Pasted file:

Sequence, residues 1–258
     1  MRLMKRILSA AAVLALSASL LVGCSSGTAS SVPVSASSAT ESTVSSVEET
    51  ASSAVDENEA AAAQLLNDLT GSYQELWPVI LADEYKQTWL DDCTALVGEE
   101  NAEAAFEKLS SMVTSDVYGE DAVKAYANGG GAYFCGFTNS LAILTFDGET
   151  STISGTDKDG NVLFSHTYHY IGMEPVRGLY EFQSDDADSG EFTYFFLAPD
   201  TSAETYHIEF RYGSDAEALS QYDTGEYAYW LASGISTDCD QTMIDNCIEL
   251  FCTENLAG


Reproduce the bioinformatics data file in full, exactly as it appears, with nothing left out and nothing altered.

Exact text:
Sequence, residues 1–258
     1  MRLMKRILSA AAVLALSASL LVGCSSGTAS SVPVSASSAT ESTVSSVEET
    51  ASSAVDENEA AAAQLLNDLT GSYQELWPVI LADEYKQTWL DDCTALVGEE
   101  NAEAAFEKLS SMVTSDVYGE DAVKAYANGG GAYFCGFTNS LAILTFDGET
   151  STISGTDKDG NVLFSHTYHY IGMEPVRGLY EFQSDDADSG EFTYFFLAPD
   201  TSAETYHIEF RYGSDAEALS QYDTGEYAYW LASGISTDCD QTMIDNCIEL
   251  FCTENLAG